State Antitrust Lawsuit Trivializes Security Threats in Mobile App Market

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Last July, 36 state attorneys general filed an antitrust suit against Google focusing on app distribution for Android devices through the Google Play Store. The 144-page complaint is filled with blunders, but the allegations on security warnings that accompany third-party downloads demonstrate a particularly limited understanding of cybersecurity, open-source software, and technology in general. The lawsuit shares sentiment with the Open App Markets Act (S. 2710), which seeks to force companies like Apple to permit third-party applications. Both ignore the increased security risks to consumers.

Malware is inevitable, and large tech platforms should not be discouraged from warning their users of potential security threats. But the lawsuit takes issue with these warnings, claiming that Google adds “superfluous, misleading, and discouraging security warnings” when downloading third party apps and using other app stores, a process called “sideloading.”

The complaint acknowledges that downloading third-party software onto Android devices is a “technical possibility.” On page 28, the complaint offers examples of the security warnings:

In one, Google warns that the installation file “can harm your device.” Next, Google simply blocks the attempted download, stating “your phone is not allowed to install unknown apps from this source” and presenting to the user only “Cancel” and “Settings” options (with no indication that installation is possible through the “Settings” option). In the third, Google warns that the user’s “phone and personal data are more vulnerable to attack by” the “unknown app,” and requires the user to actively opt in to select a feature by which he agrees that he is “responsible for any damage” to the phone “or loss of data that may result” from the installation.

In other words, sideloading third-party software requires an Android user to both read and think. The plaintiffs don’t appear confident in consumers’ ability to do either.

On the next page, the complaint states: “Google makes no effort to differentiate harmful apps and app stores from the rest and instead labels all non-Play Store apps and app stores as harmful.” It points to well-known applications like Fortnite and Amazon’s App Store as examples. This sets up a damned if you do and damned if you don’t scenario. Google applies these warnings to all third-party sources, despite its perceived prowess. Would the plaintiffs prefer that these security warnings apply only to smaller, less well-known developers and startups? The contention is revealing, because the lawsuit isn’t concerned with competition or consumers.

The lawsuit ignores the security risks associated with sideloading software from third-party sources. The complaint asserts: “Google’s statements regarding the dangers of sideloading were knowingly false when made.” But the process of sideloading apps has long been known to possess a certain degree of risk. Apple, Android’s biggest competitor, has built much of its business model around not allowing it. The reality is that Google takes that risk on behalf of consumers, not to the detriment of developers and competitors.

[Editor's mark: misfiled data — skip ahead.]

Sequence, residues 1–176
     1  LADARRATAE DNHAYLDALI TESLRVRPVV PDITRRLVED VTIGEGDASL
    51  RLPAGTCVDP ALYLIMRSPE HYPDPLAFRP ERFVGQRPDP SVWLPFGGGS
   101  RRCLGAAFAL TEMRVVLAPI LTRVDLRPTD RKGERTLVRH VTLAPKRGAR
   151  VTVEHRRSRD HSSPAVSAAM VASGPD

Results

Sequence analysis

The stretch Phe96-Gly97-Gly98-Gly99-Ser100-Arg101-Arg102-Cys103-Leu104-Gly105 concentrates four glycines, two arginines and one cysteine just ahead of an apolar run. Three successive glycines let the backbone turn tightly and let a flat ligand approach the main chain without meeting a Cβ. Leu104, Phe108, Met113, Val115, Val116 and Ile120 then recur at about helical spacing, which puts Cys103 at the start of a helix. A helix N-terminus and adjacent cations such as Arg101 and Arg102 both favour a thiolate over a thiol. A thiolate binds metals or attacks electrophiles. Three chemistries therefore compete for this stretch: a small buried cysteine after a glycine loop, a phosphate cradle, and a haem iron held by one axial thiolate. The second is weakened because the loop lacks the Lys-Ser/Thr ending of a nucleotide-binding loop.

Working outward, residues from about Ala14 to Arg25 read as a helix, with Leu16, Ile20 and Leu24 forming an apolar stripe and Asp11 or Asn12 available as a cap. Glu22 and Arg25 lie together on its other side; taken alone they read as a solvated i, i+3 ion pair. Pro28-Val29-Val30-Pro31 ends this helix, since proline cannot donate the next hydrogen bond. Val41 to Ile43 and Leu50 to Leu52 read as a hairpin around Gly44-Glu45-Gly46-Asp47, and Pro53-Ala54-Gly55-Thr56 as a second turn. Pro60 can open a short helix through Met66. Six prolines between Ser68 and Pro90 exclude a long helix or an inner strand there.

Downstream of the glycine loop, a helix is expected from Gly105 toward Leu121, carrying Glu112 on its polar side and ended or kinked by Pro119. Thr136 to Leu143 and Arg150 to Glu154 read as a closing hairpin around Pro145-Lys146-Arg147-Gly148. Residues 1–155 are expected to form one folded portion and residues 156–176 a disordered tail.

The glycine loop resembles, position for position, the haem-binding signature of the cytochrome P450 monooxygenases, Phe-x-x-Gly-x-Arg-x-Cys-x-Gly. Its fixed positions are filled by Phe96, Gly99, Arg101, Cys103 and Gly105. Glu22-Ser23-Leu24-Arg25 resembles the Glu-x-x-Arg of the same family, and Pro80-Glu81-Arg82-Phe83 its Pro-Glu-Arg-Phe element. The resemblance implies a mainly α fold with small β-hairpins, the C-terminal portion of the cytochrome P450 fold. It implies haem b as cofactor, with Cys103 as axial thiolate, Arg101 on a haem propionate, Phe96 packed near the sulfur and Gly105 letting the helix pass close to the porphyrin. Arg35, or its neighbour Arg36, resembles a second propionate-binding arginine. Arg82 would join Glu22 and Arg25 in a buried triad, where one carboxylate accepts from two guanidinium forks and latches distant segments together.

The complaint proclaims: “Android is now ‘open-source’ in name only.” This statement is simply disconnected from reality. Amazon’s Fire OS uses a fork of the Android Open Source Project. Amazon has sold over 150 million Fire TV devices, without paying a single cent in royalties to Google. In one of many relevant market fallacies, the complaint narrows “Android” to mean only the “Google-certified version of the Android OS.” Android is open source. The Google Play Store, however, is not.

Google’s own app store is not impervious to malware. Just last month, reports of a malicious authenticator app on Android devices circulated, leading to the app being removed from the Google Play Store. Some say the 2FA Authenticator app infected over 10,000 devices over 15 days, raising concern that users’ financial information was targeted. The developers took advantage of the open-source code of another legitimate authenticator app to create a deceptive and malicious clone of the original. This is the nature of open-source programming.

This doesn’t mean Android devices lack a healthy security system. Google’s certified version of Android comes with Google Play Protect, which runs scans on new apps. It also, quite conveniently, provides security warnings to users when downloading files from unknown or third-party sources.

If antitrust proponents get their way, these incidents are sure to continue with increased frequency and severity. It would send the message that it’s not enough for Google to provide access to the Android Open Source Project to competitors free of charge and allow third-party sideloading. Unfortunately, creating an ecosystem that benefits consumers, developers, and competitors will still bring a company under the watchful eyes of antitrust enforcers.